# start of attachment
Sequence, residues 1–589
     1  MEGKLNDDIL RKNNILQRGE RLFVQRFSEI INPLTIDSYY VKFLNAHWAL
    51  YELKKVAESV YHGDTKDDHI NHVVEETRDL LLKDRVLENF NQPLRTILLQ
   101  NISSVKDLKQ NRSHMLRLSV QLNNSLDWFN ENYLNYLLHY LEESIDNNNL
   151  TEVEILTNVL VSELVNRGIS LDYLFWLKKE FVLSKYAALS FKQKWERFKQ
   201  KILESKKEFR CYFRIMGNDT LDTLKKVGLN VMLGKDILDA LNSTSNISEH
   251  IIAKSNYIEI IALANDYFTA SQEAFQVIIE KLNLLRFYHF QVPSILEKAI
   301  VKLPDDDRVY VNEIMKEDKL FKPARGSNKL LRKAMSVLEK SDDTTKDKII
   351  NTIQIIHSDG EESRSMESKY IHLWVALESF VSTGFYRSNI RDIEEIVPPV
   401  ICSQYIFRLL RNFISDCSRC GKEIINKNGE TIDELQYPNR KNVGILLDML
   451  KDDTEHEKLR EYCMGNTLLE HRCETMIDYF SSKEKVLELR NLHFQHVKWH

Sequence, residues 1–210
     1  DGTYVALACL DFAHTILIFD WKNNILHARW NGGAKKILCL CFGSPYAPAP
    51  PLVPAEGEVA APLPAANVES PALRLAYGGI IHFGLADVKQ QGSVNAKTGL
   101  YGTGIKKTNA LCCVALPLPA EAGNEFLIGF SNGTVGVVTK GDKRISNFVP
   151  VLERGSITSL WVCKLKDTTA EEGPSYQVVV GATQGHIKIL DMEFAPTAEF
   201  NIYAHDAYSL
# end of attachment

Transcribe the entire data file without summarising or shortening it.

Sequence, residues 1–589
     1  MEGKLNDDIL RKNNILQRGE RLFVQRFSEI INPLTIDSYY VKFLNAHWAL
    51  YELKKVAESV YHGDTKDDHI NHVVEETRDL LLKDRVLENF NQPLRTILLQ
   101  NISSVKDLKQ NRSHMLRLSV QLNNSLDWFN ENYLNYLLHY LEESIDNNNL
   151  TEVEILTNVL VSELVNRGIS LDYLFWLKKE FVLSKYAALS FKQKWERFKQ
   201  KILESKKEFR CYFRIMGNDT LDTLKKVGLN VMLGKDILDA LNSTSNISEH
   251  IIAKSNYIEI IALANDYFTA SQEAFQVIIE KLNLLRFYHF QVPSILEKAI
   301  VKLPDDDRVY VNEIMKEDKL FKPARGSNKL LRKAMSVLEK SDDTTKDKII
   351  NTIQIIHSDG EESRSMESKY IHLWVALESF VSTGFYRSNI RDIEEIVPPV
   401  ICSQYIFRLL RNFISDCSRC GKEIINKNGE TIDELQYPNR KNVGILLDML
   451  KDDTEHEKLR EYCMGNTLLE HRCETMIDYF SSKEKVLELR NLHFQHVKWH

Sequence, residues 1–210
     1  DGTYVALACL DFAHTILIFD WKNNILHARW NGGAKKILCL CFGSPYAPAP
    51  PLVPAEGEVA APLPAANVES PALRLAYGGI IHFGLADVKQ QGSVNAKTGL
   101  YGTGIKKTNA LCCVALPLPA EAGNEFLIGF SNGTVGVVTK GDKRISNFVP
   151  VLERGSITSL WVCKLKDTTA EEGPSYQVVV GATQGHIKIL DMEFAPTAEF
   201  NIYAHDAYSL